Developed and Undeveloped: Photographic Landscapes

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At once powerful and vulnerable, the natural environment is alternately portrayed as an object of adoration and a victim of civilization in Developed and Undeveloped: Photographic Landscapes. The exhibition features a diverse selection of over 35 photographs of the 19th, 20th, and 21st centuries. From the pristine western views of Ansel Adams to the scarred quarries of Edward Burtynsky, the exhibition presents a variety of approaches to framing the landscape, with scenes of unspoiled wilderness contrasted with sites bearing evidence of human intervention.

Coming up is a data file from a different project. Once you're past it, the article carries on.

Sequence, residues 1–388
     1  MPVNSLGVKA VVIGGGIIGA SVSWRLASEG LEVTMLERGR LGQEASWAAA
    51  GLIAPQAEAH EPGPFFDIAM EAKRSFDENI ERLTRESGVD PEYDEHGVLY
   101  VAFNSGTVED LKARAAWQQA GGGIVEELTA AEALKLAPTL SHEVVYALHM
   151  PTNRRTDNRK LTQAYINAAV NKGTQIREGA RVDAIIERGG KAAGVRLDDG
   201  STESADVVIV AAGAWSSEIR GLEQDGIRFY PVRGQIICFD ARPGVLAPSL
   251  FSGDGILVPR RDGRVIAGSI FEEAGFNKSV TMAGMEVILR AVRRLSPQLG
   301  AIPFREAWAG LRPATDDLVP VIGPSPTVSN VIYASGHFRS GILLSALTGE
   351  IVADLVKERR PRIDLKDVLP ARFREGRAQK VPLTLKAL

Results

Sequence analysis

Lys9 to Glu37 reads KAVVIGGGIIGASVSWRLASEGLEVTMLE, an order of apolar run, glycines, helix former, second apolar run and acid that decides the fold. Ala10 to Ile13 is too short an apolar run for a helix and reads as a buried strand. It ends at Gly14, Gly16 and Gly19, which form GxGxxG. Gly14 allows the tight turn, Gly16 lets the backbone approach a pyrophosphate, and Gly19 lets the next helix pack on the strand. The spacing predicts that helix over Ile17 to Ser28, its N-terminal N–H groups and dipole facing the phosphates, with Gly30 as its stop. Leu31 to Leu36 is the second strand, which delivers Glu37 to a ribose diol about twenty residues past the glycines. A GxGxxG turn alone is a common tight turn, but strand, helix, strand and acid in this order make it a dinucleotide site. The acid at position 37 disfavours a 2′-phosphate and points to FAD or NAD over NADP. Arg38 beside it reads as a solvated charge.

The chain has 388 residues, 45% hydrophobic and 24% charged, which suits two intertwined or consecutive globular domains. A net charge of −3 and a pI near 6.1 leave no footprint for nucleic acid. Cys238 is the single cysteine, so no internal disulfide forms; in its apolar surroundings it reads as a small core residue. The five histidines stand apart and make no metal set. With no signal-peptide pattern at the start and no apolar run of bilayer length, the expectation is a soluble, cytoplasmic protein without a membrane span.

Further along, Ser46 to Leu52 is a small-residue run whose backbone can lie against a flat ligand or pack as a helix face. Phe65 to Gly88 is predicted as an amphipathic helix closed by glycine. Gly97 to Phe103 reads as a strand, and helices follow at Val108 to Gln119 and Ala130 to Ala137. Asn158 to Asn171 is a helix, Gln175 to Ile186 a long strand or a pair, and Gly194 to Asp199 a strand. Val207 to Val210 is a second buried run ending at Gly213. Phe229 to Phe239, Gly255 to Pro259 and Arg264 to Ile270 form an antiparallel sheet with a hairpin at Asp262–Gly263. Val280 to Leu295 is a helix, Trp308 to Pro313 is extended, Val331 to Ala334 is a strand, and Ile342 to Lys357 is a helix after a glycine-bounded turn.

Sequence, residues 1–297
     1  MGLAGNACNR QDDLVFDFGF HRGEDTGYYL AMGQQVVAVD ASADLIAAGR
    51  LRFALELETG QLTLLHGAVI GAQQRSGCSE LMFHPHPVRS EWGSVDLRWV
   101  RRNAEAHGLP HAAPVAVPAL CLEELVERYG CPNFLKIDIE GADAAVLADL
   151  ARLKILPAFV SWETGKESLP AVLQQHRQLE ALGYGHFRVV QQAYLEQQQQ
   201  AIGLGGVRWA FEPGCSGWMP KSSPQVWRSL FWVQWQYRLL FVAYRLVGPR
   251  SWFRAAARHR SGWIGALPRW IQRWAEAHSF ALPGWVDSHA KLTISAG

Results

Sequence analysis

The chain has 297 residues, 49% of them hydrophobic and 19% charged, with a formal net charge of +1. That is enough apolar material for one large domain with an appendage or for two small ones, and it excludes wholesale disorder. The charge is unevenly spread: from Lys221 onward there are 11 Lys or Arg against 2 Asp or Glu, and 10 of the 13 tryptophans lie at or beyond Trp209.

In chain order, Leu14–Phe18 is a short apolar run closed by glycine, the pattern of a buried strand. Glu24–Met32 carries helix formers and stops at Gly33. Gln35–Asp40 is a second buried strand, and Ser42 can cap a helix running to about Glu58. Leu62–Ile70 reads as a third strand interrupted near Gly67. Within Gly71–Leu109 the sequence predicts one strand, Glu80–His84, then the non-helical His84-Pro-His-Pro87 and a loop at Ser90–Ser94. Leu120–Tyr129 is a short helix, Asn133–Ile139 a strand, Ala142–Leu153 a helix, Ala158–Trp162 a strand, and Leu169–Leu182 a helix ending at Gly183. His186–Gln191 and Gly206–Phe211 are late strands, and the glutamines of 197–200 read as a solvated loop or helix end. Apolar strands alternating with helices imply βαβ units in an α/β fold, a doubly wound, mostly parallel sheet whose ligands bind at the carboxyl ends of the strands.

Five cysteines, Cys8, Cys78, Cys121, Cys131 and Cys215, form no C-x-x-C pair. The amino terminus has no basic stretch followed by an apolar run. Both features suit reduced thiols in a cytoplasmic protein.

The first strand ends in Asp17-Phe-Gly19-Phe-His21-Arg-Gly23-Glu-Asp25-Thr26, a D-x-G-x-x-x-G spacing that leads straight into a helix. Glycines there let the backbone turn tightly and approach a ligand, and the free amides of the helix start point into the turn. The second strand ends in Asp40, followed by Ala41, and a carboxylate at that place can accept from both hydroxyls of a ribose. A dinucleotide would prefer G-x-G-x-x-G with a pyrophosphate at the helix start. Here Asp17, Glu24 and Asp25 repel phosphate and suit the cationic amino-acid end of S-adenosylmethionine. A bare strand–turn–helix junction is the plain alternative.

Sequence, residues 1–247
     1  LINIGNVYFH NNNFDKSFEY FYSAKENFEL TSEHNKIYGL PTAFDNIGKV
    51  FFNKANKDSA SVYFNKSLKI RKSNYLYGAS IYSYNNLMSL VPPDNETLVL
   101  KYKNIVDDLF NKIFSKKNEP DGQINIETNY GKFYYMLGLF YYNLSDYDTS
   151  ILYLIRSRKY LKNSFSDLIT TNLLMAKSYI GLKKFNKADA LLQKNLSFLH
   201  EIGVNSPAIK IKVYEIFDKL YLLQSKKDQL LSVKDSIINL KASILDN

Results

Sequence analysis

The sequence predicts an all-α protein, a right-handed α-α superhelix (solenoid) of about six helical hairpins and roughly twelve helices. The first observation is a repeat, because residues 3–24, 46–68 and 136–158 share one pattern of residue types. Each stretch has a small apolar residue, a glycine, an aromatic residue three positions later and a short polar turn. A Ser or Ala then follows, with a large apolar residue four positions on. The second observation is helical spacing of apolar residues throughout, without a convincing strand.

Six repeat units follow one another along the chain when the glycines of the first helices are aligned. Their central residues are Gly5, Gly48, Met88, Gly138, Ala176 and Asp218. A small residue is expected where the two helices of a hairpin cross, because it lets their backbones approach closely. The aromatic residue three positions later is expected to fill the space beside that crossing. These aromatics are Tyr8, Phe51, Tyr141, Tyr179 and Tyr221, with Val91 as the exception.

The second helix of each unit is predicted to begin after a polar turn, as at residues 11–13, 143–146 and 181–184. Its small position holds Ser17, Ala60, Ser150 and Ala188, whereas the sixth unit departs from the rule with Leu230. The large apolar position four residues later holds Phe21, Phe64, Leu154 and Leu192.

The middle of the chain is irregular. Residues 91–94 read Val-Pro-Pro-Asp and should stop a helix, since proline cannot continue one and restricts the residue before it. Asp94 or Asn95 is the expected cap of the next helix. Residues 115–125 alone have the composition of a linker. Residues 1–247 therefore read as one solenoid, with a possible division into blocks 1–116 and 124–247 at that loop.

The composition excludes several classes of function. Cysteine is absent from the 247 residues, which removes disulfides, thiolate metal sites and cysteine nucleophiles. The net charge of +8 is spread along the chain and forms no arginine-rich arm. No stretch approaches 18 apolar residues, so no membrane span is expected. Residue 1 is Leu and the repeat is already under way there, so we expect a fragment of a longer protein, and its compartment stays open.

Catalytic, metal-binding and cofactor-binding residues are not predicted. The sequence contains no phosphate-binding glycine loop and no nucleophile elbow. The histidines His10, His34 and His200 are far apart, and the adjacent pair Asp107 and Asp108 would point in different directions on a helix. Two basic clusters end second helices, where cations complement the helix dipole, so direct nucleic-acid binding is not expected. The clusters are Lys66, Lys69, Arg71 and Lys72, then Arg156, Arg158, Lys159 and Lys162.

In the 19th century photographers played a decisive role in preservationist movements, and their descendants continue to shed light on the precarious condition of the planet. Drawn from the collections of the Achenbach Foundation for Graphic Arts, the Paul Sack Trust, and Charles and Diane Frankel, the exhibition also includes works by Mathew Brady, Carleton Watkins, Robert Adams, Shi Guorui, and Michael Light.

Currently on view